Monday, August 28, 2006

Curves vs. Flats

Origami, like anything with a long history, also has a destiny; by which I mean for instance that folds that were thought to be extremely difficult 100 years ago are child’s play today, and forms that 60 or 70 years ago were thought to be impossible without making cuts—so that a cut here & there was overlooked—are known as perfectly possible today with a little extra effort. Cuts accordingly are more strictly shunned even by non-puritans. The preference for the square has grown firmer, though it’s by no means absolute; and the field has grown enough to allow modulars, multi-part assemblages, though this is frowned upon in animal design (unless the units are sufficiently small to make it an extension of modular origami.) In short, the field has naturally pushed toward a set of ideals or strictures, which on approach have sometimes further split into other ideals and strictures each of which defines a new sub-field. Moreover, one can claim that this ‘destiny’ was present if dimly felt by some practitioners in earlier stages of development, and the very refinement and purification of such standards is part of what drove those pioneers forward.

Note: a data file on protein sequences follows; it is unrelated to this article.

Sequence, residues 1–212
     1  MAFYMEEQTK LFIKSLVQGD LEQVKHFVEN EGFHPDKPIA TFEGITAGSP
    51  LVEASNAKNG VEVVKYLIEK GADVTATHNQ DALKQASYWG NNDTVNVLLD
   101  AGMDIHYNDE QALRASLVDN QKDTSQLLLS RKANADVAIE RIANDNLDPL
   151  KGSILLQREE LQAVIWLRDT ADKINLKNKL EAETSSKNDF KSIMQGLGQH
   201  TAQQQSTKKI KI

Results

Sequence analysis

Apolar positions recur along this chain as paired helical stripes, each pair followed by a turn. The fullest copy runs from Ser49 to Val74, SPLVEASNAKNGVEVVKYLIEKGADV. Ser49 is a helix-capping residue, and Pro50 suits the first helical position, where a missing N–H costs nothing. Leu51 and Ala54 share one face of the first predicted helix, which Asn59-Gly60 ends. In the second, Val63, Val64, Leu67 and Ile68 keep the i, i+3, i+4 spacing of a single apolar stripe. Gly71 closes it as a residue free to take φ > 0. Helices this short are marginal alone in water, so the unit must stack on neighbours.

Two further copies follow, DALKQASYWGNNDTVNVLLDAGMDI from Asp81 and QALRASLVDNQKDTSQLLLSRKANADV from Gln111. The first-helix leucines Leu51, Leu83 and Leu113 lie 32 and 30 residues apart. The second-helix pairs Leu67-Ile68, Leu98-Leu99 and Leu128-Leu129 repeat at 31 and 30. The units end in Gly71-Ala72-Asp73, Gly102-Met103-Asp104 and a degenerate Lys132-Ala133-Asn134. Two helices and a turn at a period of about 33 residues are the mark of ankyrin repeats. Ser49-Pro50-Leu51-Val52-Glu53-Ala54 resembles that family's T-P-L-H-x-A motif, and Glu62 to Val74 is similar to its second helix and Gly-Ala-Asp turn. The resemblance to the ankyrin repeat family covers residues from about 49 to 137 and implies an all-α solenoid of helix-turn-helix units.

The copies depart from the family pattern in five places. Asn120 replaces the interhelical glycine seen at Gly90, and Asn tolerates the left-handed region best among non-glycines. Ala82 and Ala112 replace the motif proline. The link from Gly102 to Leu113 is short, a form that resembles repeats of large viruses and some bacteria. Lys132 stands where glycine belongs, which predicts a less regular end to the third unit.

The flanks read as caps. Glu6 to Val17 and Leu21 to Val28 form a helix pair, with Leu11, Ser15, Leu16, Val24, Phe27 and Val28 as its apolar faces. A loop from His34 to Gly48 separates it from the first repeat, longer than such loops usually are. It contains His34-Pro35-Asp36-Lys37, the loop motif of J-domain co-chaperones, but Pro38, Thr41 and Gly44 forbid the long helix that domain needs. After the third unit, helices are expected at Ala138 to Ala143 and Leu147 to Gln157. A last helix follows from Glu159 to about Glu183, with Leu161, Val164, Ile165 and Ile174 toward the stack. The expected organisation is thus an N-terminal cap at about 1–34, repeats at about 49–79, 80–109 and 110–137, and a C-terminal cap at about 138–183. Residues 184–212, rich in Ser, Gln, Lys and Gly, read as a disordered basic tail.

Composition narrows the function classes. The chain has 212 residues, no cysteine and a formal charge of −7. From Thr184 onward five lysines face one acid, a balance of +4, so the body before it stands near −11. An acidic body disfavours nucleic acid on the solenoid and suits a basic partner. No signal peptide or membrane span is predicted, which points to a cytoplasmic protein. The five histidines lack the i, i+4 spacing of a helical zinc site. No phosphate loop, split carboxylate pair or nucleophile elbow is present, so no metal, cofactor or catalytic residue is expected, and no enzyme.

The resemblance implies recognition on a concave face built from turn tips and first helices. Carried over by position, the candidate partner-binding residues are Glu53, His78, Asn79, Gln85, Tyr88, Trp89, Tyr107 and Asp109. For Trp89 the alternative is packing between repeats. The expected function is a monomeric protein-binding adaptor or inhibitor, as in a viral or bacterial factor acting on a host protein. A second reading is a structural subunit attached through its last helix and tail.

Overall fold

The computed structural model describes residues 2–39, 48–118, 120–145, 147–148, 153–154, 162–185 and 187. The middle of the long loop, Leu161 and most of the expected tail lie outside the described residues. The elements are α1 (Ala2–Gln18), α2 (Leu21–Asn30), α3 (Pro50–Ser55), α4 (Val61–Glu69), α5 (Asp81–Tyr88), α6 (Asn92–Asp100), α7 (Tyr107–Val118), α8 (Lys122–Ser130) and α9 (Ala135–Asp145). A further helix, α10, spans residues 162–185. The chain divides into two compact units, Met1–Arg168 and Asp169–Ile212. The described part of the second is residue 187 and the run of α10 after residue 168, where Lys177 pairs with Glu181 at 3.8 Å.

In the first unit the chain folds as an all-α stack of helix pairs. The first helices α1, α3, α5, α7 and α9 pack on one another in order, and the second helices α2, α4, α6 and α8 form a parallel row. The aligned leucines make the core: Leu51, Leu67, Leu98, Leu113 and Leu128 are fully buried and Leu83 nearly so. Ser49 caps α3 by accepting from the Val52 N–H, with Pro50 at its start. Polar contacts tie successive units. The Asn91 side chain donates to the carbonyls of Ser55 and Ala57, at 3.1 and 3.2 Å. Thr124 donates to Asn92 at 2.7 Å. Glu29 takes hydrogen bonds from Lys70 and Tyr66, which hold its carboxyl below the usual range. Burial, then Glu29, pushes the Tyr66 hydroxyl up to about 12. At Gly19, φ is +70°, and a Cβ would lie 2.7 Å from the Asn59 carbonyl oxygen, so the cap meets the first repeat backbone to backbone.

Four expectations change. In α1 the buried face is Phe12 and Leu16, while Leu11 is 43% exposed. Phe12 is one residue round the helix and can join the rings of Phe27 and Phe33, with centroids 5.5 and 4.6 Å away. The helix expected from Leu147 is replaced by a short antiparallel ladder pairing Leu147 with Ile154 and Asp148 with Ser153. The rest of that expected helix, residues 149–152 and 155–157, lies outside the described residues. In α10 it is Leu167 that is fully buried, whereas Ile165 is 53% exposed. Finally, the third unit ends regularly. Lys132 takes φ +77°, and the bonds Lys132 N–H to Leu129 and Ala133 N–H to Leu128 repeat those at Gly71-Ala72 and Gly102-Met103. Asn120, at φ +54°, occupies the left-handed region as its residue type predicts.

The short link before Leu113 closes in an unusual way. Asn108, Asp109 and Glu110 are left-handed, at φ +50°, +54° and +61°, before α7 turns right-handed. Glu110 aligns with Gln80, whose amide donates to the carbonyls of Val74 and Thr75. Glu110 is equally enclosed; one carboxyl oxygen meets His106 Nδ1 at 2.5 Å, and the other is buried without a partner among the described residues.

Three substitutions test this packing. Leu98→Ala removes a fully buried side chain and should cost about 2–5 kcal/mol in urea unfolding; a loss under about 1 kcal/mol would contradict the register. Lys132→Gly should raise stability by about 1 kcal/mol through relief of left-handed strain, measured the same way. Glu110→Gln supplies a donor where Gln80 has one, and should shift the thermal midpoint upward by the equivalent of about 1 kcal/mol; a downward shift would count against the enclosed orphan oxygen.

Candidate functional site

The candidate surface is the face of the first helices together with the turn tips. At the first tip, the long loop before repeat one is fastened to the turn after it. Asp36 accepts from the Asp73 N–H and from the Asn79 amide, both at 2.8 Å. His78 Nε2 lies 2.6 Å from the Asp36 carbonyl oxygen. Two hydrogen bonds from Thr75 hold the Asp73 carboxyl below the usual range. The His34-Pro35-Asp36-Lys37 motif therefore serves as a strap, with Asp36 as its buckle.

Curved folding, a subspecies of origami, has not been systematically explored by anything like as many people. (I’d say less than twenty people in the world; maybe less than ten, compared to several hundred systematic explorers with origami.) But I insist that curved folding too has a destiny---and I’ll tell you what it is. If in origami you rule out (or minimize) cutting, painting and gluing, in curvigami you also rule out folding itself. That is: hard folds and straight lines are viewed as necessary evils, acceptable in extremis, in just the way cuts were regarded in the origami of two or three generations ago.

What about the square—another purist ideal that’s been refined (I mean increasingly insisted upon) over the generations? Here there is a more profound difference from straight-line and flat folding. Curvigami deals with surfaces and starts from the interior of the sheet, asking how you can manipulate that interior and what to do with the consequences of this manipulation for the rest of the sheet. This is unlike origami, which deals with edges, or the turning of surface regions into things that have edges, i.e., flaps. With curved folding you are dropped straight into the sea, where what you make are these ripples or waves; there is no shoreline you can depend on, and no “landmarks” either (I can go on some ways with this metaphor). So that the square with its edges and its whole language of 22.5 degree or 30 degree angles really becomes irrelevant. If you’re manipulating the edges and the corners of a square you are still more in origami mode than in curvigami mode.(Though this can be done masterfully too: witness Roman Diaz’ superb Tiger’s Head). I feel regrets about the loss of the square, truly I do, but it must go.